There has been increasing research in the area of pediatric sleep-disordered breathing. Several studies have provided a better understanding of the pathophysiology of OSA in children, including the role of upper airway reflexes in this disease (Gozal and Burnside, 2004; Marcus et al., 2005). Major advances have been made in understanding the complications of childhood OSA. In particular, work from a number of different labs has shown that very mild obstructive apnea, and perhaps even primary snoring, is associated with changes in neurocognitive and behavioral function in children (Fregosi et al., 2003; Rosen et al., 2004; Gottlieb et al., 2004a). Other studies have shown that childhood OSA is associated with cardiac hypertrophy (Amin et al., 2005), inflammation (Tauman et al., 2004; Larkin et al., 2005b), and the metabolic syndrome (de la Eva et al., 2002), potentially putting children at risk for cardiovascular complications later in life. Of great interest is the observation of adverse outcomes in individuals with a very mild sleep apnea (including habitual snoring without appreciable levels of overnight hypoxemia). Given that almost all of the work to date has been descriptive, it is imperative that interventional studies assess whether early diagnosis and treatment would modify short- or long-term health outcomes. In this regard, there is also a need to identify the efficacy of sleep apnea treatment in children, including tonsillectomy and adenoidectomy, for which there has not yet been a single randomized controlled study of treatment for sleep apnea.

Sleep Deprivation

The impact of sleep deprivation and shift work on driving and industrial accidents has been known for more than a decade. Unfortunately, change, especially in the area of commercial driving, has been difficult to implement. Modafinil, a wake-promoting agent, may be effective for the treatment of shift work disorder and prove to be useful in this setting (Czeisler et al., 2005). Sleep deprivation is also increasingly recognized as being associated with poor school performance, especially when school restarts after an extended number of days off. This may be mediated by delayed sleep phase, early school start time, and increased sleep need during adolescence (Carskadon et al., 2004).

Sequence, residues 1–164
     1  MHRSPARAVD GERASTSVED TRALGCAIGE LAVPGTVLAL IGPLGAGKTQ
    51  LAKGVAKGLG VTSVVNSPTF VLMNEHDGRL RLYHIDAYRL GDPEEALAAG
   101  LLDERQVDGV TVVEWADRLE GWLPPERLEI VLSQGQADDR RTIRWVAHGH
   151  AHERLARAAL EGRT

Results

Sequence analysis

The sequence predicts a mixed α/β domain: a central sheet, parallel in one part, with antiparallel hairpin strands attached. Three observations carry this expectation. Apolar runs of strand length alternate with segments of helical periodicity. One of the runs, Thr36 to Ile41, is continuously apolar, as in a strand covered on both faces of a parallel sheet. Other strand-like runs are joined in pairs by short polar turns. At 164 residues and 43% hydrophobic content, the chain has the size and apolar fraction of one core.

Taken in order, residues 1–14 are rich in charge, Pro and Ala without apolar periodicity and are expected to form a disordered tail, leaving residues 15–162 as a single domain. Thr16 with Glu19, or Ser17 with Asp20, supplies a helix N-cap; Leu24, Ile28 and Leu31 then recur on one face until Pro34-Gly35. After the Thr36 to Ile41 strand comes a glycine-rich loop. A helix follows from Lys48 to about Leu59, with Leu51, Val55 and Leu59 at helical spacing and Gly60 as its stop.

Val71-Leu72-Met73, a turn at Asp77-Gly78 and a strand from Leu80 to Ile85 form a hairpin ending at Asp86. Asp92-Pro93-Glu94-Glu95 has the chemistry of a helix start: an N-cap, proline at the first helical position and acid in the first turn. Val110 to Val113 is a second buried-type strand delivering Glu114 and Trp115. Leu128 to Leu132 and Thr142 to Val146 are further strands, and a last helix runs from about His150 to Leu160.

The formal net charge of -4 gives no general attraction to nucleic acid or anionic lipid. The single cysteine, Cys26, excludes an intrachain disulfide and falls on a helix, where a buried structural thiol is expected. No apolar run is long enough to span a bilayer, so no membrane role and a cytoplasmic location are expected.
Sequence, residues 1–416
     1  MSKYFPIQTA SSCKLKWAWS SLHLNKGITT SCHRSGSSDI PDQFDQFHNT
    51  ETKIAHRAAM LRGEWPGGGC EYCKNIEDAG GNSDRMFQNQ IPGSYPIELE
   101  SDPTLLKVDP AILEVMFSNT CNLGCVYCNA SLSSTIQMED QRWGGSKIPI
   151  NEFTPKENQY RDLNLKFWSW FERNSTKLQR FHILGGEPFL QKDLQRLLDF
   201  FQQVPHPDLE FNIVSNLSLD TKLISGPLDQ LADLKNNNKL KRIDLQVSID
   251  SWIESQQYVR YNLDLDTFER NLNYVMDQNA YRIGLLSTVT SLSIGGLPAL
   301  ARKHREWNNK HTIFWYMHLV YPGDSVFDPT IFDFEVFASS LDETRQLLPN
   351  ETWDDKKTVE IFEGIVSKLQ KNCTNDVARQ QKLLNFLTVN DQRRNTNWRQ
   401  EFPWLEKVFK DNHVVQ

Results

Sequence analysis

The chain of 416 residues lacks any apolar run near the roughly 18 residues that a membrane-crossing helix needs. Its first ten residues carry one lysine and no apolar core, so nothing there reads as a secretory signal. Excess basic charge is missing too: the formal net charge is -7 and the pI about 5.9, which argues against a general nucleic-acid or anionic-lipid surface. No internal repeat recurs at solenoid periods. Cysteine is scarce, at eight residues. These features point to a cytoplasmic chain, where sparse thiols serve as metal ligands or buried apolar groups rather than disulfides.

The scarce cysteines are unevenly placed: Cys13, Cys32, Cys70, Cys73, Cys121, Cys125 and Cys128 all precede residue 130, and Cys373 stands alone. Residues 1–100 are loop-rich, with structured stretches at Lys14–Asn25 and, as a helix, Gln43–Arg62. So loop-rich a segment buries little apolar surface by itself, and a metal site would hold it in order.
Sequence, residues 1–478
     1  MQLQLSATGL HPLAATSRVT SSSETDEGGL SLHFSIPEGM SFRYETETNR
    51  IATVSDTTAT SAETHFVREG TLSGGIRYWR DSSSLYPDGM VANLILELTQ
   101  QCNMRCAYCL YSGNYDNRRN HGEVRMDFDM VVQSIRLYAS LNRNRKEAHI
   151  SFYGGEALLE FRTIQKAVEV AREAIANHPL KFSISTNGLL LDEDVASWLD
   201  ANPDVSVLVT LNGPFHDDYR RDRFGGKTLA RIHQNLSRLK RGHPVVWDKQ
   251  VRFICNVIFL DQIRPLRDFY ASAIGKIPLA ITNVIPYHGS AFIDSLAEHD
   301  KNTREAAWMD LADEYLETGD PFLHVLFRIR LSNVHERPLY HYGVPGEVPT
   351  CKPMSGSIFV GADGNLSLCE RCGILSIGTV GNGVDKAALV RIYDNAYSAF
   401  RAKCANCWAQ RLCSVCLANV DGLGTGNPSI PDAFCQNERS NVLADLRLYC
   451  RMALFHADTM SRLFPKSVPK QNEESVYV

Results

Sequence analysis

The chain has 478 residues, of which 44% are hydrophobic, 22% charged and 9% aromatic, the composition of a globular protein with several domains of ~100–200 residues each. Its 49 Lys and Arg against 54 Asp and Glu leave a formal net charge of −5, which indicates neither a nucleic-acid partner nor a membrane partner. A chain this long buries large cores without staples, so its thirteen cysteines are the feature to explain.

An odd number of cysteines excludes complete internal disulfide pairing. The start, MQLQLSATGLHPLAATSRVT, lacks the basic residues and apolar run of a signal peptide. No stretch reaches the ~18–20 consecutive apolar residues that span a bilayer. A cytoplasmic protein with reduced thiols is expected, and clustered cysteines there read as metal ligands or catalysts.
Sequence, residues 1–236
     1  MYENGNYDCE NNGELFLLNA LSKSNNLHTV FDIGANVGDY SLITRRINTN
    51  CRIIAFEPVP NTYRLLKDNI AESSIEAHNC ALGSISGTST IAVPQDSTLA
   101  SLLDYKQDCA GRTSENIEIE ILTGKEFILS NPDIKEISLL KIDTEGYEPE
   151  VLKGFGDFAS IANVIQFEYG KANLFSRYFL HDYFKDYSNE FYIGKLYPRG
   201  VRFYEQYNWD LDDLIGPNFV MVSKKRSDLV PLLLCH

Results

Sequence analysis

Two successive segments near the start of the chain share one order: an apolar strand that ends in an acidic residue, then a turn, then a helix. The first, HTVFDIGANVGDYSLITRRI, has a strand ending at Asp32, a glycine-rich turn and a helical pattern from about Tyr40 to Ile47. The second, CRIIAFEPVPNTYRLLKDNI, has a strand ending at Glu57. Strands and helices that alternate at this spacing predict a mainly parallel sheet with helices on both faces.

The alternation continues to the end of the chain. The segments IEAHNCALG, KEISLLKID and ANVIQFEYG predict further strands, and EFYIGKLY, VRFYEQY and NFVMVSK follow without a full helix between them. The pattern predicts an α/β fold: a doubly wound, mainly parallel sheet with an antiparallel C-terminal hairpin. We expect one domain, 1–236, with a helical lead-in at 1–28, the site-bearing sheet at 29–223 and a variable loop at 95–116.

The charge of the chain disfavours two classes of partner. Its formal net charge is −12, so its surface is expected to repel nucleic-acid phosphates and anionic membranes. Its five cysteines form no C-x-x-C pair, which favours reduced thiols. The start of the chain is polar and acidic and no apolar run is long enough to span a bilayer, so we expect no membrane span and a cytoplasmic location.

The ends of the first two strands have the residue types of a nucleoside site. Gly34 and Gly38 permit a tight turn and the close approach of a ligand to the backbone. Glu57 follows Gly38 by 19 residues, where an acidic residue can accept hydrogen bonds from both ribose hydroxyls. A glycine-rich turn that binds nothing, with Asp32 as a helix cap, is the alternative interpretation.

Recent studies have shown that sleep deprivation causes medical errors among physicians (Lockley et al., 2004; Landrigan et al., 2004; Barger et al., 2005). Attentional lapses and errors can be improved by reducing work hours and increasing sleep (Lockley et al., 2004; Landrigan et al., 2004).

Suggested Citation:"8 Bolstering Somnology and Sleep Disorders Research Programs." Institute of Medicine. 2006. Sleep Disorders and Sleep Deprivation: An Unmet Public Health Problem. Washington, DC: The National Academies Press. doi: 10.17226/11617.
×

These findings are leading to rapid changes in the on-call requirements for physicians in training (Cavallo et al., 2004).

The impact of chronic sleep restriction on human health and endocrinological status is also increasingly recognized. Associations among short sleep, obesity, diabetes, and mortality have been reported (Alvarez and Ayas, 2004; Gottlieb et al., 2005). A large number of studies have shown cross-sectional association between short sleep and obesity (Cizza et al., 2005). A trend for a longitudinal association between shortening sleep and gaining weight is also typically found. The biological mediation of these changes may be through alterations in leptin and ghrelin, two major appetite regulatory hormones (Taheri et al., 2004; Spiegel et al., 2004). The levels of these hormones are altered in health subjects if sleep is restricted for a few nights.

Sleep Education and Training

Although a top priority of the 2003 research plan, the NIH has not established any new large-scale programs in training or career development. In fact, as has been described in Chapter 7, there has been a decrease in the number of career development grants pertaining to sleep. Further, although a few private foundations and professional societies have invested some in professional development, as discussed in Chapter 5, increased efforts are required to fully embrace the need to increase education and training programs. Thus, progress in this critical area has been quite limited.

ANALYSIS OF NIH-SPONSORED RESEARCH PROJECT GRANTS

Currently, assessment of the success of the sleep research effort at NIH seems to be based largely on the total dollars being committed by various institutes to the field (for more information see the 2001 to 2004 annual reports of the Trans-NIH Sleep Research Coordinating Committee). NIH funding for somnology research has increased by more than 150 percent since the NCSDR became fully operational in 1996, reaching a total of $196.2 million (0.07 percent of the NIH budget) in fiscal year 2004 (NHLBI, 2003). However, this growth occurred during the same period that the overall budget to the NIH doubled.